A Year in Books: 2019

"La Lettura" by Mose Bianchi, 1865
Or as I like to call it, "I Told You Not To Interrupt Me While I'm Reading"

Guys, I am squeaking in JUST under the wire with this post, as it's December 31st. But I made it! Woot! (I would like to thank the Academy, and also my supervisor who let us go home from work early today since it's New Year's Eve.)

In January I set a goal on Goodreads to read 50 books in 2019, and with the completion of The Sweetness at the Bottom of the Pie last night (five stars! get thee to thy library and get thyself a copy!), I squeaked in under THAT wire too. You can check out the full list of books I read here. I'll just devote a little bit of time in this post to highlighting the highlights. We will cover the Good, the Bad, and the Did-Not-Finish, also known as the Meh. ("The good, the bad, and the ugly" is too redundant. The bad and the ugly can fit in the same category, thank you very much.)

I will take this opportunity to note that if you have been following my reviews on Goodreads, a lot of this information may be a bit repetitive, since I am shamelessly copying and pasting from some of those reviews and just adding a few additional comments. You have been warned.

(Any link designated by an asterisk below is an Amazon Affiliate link, which means that if you make a purchase through Amazon after clicking on one of my links, I am eligible to receive a small commission. This incurs NO additional cost to you and you are under no obligation to purchase anything! However, it's required that I add this disclaimer in any post that includes Amazon Affiliate links. I only included affiliate links to items I can truthfully recommend purchasing - it seems unethical to provide links to purchase books I didn't enjoy and don't recommend, after all. The non-asterisk links go to Goodreads.) 



The Sweetness at the Bottom of the Pie* was my last full read for this year, but it was a doozy. My sister recommended it to me a few months ago, then cunningly bought it for me for Christmas. I read it in three days and am now waiting with bated breath for the second book to appear on the hold shelf for me at my library. I had a hard time liking the main character Flavia at first, but by the halfway point I was rooting for her, heart and soul. The mystery was brilliantly put together, delicately laced with wit, and actually made me kinda wish I'd been a better student of chemistry in high school...

A Man Called Ove* was a recommendation from a dear friend, who then kindly lent me her copy. I plowed through it in just three or four days and even teared up reading it in line at the DMV. (Clearly I have no shame.)  It was phenomenally beautiful, tearjerking, and hilarious. The main character would have hated me, but I found myself loving him by the end. I'm amazed by how beautifully this novel translated from Swedish to English - the writing was so clear, humorous and well-structured with nothing seemingly lost in translation. I also enjoyed Britt-Marie Was Here, though not as much, but I'm eager to read all the Fredrik Backman books now! Fans of Jan Karon's Mitford books will enjoy this, in particular.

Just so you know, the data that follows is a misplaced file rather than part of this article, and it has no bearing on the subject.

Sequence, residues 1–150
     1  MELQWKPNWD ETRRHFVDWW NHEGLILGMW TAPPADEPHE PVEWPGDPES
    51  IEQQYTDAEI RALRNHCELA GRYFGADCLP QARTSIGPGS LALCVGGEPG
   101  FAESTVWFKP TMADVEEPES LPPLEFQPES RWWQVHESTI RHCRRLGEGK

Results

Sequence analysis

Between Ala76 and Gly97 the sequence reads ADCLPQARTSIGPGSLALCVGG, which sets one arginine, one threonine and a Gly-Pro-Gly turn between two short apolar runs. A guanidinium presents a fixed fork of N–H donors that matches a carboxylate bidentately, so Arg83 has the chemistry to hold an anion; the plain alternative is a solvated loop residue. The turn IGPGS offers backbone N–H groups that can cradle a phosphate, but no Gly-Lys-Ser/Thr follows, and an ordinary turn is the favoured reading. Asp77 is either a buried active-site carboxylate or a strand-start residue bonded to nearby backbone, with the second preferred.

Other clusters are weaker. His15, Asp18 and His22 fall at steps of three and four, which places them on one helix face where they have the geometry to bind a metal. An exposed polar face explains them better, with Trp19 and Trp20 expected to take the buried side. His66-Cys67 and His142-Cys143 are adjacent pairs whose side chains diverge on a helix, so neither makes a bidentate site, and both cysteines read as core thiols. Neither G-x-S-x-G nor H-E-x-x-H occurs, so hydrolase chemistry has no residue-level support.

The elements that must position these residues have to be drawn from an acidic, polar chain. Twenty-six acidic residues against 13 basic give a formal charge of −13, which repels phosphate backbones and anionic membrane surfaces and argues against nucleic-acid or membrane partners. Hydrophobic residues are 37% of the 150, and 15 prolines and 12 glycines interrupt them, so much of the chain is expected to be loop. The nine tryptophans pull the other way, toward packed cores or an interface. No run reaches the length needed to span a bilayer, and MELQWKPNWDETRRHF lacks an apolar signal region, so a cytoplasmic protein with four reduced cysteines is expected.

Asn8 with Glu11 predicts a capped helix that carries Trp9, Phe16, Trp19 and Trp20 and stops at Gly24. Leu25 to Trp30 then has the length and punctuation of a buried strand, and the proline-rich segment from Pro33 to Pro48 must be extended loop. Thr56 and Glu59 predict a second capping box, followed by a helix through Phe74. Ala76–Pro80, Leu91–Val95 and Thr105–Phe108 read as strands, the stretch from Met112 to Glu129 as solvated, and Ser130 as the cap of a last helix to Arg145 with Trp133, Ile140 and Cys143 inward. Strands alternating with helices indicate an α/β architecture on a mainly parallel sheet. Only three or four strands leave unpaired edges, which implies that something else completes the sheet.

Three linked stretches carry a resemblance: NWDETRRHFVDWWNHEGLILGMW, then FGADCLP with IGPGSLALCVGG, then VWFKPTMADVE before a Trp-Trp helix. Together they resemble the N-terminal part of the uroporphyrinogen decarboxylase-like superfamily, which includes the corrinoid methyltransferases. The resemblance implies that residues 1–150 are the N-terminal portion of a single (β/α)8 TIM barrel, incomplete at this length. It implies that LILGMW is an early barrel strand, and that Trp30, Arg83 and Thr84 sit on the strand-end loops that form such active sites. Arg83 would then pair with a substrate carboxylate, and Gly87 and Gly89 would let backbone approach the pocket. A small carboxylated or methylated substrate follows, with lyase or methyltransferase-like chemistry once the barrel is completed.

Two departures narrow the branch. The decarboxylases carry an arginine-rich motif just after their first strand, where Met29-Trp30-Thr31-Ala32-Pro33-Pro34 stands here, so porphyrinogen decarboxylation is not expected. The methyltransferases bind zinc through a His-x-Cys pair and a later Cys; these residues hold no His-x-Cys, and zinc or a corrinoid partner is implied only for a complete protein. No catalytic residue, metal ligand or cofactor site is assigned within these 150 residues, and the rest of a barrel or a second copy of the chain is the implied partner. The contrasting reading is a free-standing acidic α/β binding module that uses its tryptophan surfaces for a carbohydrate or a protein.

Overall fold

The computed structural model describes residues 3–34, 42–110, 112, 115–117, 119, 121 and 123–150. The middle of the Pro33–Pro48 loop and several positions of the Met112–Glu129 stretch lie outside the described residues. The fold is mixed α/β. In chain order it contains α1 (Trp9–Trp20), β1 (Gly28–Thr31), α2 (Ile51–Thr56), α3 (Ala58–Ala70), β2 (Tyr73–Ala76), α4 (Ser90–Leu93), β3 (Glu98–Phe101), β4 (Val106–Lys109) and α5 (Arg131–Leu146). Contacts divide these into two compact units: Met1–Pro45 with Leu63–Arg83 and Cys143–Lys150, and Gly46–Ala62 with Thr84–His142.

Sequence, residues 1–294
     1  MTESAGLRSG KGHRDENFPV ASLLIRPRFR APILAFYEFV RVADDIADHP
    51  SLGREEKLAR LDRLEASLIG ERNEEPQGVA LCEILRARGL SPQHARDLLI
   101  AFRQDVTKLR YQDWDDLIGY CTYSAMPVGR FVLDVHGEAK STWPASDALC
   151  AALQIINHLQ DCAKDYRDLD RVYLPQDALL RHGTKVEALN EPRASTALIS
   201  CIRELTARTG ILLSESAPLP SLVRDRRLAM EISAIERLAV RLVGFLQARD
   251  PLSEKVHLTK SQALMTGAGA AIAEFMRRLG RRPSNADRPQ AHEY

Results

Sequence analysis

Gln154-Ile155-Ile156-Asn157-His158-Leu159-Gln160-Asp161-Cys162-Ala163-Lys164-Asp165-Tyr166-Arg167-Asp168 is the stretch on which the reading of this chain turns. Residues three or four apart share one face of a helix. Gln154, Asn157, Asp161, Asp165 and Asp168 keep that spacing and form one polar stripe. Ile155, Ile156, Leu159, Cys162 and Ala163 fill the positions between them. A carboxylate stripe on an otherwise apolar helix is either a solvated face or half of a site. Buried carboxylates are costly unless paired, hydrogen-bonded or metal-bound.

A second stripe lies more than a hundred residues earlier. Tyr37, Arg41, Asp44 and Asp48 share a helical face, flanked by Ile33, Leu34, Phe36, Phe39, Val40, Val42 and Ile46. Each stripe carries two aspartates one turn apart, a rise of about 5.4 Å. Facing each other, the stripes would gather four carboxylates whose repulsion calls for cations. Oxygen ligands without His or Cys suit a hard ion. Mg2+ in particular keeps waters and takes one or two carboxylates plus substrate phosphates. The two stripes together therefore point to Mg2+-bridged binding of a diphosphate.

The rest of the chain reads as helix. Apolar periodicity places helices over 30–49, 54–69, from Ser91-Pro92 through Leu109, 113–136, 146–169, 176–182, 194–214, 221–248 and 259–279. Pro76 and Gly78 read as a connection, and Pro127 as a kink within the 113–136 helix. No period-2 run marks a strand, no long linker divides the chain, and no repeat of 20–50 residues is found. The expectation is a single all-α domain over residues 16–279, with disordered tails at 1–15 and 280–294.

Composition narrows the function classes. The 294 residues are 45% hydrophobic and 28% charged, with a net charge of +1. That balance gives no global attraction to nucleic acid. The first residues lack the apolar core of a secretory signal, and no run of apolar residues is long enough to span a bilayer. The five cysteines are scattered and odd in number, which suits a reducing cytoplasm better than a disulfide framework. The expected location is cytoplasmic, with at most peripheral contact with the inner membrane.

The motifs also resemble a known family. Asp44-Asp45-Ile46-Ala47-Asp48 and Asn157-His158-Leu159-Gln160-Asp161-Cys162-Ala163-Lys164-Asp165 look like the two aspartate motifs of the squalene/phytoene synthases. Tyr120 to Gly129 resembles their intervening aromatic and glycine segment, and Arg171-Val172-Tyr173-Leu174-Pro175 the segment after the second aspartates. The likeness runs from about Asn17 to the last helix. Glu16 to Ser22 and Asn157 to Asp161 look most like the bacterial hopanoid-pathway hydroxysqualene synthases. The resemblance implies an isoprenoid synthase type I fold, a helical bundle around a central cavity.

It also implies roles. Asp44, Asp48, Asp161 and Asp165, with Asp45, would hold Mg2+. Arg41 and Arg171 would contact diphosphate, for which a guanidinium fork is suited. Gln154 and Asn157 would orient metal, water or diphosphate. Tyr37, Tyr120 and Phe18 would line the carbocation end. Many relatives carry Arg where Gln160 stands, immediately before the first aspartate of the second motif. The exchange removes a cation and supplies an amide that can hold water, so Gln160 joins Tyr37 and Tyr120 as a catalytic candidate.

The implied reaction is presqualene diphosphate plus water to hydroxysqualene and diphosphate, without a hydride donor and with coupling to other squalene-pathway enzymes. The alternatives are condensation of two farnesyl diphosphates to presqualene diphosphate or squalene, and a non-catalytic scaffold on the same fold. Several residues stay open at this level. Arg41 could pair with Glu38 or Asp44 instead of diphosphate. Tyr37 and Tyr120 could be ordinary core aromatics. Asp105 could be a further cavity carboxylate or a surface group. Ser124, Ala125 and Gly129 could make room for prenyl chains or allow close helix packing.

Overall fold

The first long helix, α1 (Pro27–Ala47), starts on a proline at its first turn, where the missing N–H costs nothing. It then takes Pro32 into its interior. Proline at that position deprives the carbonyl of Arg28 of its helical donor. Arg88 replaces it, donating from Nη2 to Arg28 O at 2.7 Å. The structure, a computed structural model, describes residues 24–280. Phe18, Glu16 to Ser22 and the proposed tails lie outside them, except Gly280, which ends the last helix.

The Jane Austen Writers' Club: Inspiration and Advice From the World's Best-Loved Novelist* is nonfiction sprinkled with fiction - ostensibly an exercise in how to write like Jane Austen. Spoiler alert: I LOVED this book! Before finishing it, I read several reviews that didn't recommend it highly as a how-to for creative writers, since it was so focused on Jane Austen's style only. I mean... isn't that kind of the point? I read it not as a self-help manual but rather as a study of my favorite author's work and why her writing is so well done. It was fascinating and fun (especially all the little hilarious tidbits from her lesser-known Juvenilia) and I actually did pick up some hints and ideas (especially about characterization) for my own writing along the way. I'm eager to try the sample exercises! Rebecca Smith's voice was amusing and smooth-flowing, too, and I'm interested to read some of her fiction now.

These Is My Words: The Diary of Sarah Agnes Prine, 1881-1901* was SUCH a good book. I often find myself more drawn to side characters than to the main character, if I find the MC's voice less than compelling. But in this case, Sarah Prine drew me in right from the beginning. The side characters are also compelling (I have a special soft spot for Savannah!) but reading this story of hardship and stubbornness and bravery through Sarah's own (sometimes unreliable) narrative eyes made for a book that was hard to put down. I didn't always like every choice she made, but that was what made her real and human. I appreciated the fact that things just HAPPENED, too - there wasn't a ton of foreshadowing and in that way, it seemed more like real life and less like a novel. (I was a little disappointed to find that the real Sarah Prine didn't actually keep a diary and most of these events were not part of her actual life. Also, the Duchess of Warwick is not a real book). I would probably give it a 4.75/5 if partial stars were allowed, because some parts of the ending were not to my taste (keeping this spoiler free) but for the most part it truly deserves the full five.

Educated*, the bestselling memoir by Tara Westover... wow.I don't think I can review it in a way that would do it justice - all that comes to mind are disjointed sentences. Simple statements such as:

  • Tara Westover's prose is beautiful.
  • So much of this book hurt to read and yet I couldn't stop reading it.